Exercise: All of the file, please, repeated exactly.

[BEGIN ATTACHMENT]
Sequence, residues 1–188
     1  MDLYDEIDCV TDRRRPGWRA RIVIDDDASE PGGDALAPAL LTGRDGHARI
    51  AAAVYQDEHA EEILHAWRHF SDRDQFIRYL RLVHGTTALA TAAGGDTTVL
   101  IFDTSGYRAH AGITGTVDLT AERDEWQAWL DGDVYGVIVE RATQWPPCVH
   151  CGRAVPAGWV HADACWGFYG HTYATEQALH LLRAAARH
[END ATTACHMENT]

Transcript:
Sequence, residues 1–188
     1  MDLYDEIDCV TDRRRPGWRA RIVIDDDASE PGGDALAPAL LTGRDGHARI
    51  AAAVYQDEHA EEILHAWRHF SDRDQFIRYL RLVHGTTALA TAAGGDTTVL
   101  IFDTSGYRAH AGITGTVDLT AERDEWQAWL DGDVYGVIVE RATQWPPCVH
   151  CGRAVPAGWV HADACWGFYG HTYATEQALH LLRAAARH